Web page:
Two just-made-up but foolproof rules of shopping:
Know what you’re buying, and look good doing it.
Helping you achieve said goals: Oliver Cabell, a spankin’ new line of luxury travel goods that offers “radical transparency” on how they make their products — along with some radical prices.
Read: high-end travel bags for about 1/10th the cost of a designer duffel.
Oliver Cabell follows the same M.O. as luxe brands like Paul Evans or Warby Parker: direct-to-consumer, online-only sales to decrease markup.
The brand was inspired by a series of disparate events: the moniker comes from a news story about a “heavy night out” between actors Oliver Reed and Steve McQueen in the 1970s (the duo had played the characters Oliver Twist and Martin Cabell, respectively). As for its ethos: founder Scott Gabrielson changed careers and entered the fashion industry after hearing about the deadly 2013 Rana Plaza building collapse in Bangladesh.
Besides working conditions, he also became upset about the market’s pricing. “Upscale bags hold the highest markup in luxury fashion — they’re selling for 12-20x the cost to make,” Gabrielson says.
So for every piece Oliver Cabell makes, the company reveals both a breakdown of the cost (“Materials: “$33.41”) and the story of the factories and people behind the product. And that’s how you get a handsome weekend bag for $280 for what Gabrielson would estimate around $1,200 anywhere else.
Not that it was easy.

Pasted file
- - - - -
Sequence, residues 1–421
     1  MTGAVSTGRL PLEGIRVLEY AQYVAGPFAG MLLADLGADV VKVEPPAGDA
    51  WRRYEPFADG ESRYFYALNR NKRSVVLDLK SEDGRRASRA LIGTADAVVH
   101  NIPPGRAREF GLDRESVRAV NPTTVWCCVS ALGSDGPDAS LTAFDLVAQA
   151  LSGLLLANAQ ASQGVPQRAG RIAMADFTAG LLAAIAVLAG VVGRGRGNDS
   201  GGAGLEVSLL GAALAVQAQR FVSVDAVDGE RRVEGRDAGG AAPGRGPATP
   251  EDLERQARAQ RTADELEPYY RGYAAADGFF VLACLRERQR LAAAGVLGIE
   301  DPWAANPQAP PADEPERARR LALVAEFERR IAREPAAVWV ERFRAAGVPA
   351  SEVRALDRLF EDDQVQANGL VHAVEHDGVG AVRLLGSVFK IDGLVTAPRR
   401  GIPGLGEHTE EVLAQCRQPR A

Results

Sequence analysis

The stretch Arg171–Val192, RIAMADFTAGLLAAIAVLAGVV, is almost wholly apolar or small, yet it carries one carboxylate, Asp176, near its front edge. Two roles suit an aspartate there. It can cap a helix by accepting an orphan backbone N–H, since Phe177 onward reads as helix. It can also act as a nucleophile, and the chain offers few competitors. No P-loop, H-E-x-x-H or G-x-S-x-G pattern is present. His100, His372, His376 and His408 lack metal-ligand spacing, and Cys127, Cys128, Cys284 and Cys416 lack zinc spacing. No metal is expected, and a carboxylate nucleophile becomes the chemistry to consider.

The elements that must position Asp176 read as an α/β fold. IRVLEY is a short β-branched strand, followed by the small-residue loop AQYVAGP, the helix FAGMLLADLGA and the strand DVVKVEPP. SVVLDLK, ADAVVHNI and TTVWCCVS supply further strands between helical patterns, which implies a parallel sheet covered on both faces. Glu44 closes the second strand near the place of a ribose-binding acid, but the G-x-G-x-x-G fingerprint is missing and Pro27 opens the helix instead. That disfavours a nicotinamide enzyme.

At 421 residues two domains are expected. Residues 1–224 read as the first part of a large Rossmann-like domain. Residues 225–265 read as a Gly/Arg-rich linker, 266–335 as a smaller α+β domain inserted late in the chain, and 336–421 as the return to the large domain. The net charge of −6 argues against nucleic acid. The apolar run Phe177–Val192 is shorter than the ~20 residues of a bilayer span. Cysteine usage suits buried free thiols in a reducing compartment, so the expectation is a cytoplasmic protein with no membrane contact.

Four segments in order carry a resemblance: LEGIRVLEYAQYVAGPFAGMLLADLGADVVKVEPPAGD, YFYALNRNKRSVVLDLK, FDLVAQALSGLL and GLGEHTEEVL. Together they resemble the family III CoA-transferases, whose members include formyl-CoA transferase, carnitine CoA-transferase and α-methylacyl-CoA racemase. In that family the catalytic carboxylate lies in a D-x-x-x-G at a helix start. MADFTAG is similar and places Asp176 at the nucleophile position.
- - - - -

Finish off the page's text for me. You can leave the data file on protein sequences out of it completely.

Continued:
“It was pretty challenging [when we got started] for a few reasons,” he says. “We quickly learned that Italian bag workshops are the most guarded factories in the world, and partnering with them without a credible background and lots of capital is extremely challenging.”
Take the leather tannery OC uses for their weekenders: it’s based in Monte Urano, Italy, and on the site, Gabrielson explains how he discovered it (via a wallet he found in a London boutique), the history of the tannery itself (“Owners Manfredo and Luigi have overseen the factory for 30 years...”) and even its ideology (“The owners are big supporters of small, family farms [to] track exactly where their hides come from”).
Which would all be moot if it weren’t for the quality of the products. “Our focus is on creating functional, minimalist pieces,” says Gabrielson. “We spent a lot of time on function and form, and stripped away all the excess. But we’ll do things like offer concealed pockets in the weekender bags so they’re functional without cluttering the bag’s exterior.”
At launch, the company offers the aforementioned weekender and a backpack, both in three colors — the “two most functional pieces [OC] could create for travelers.” Gabrielson promises more travel products soon, including wash bags and smaller leather goods.
It’s nice to know what’s in store.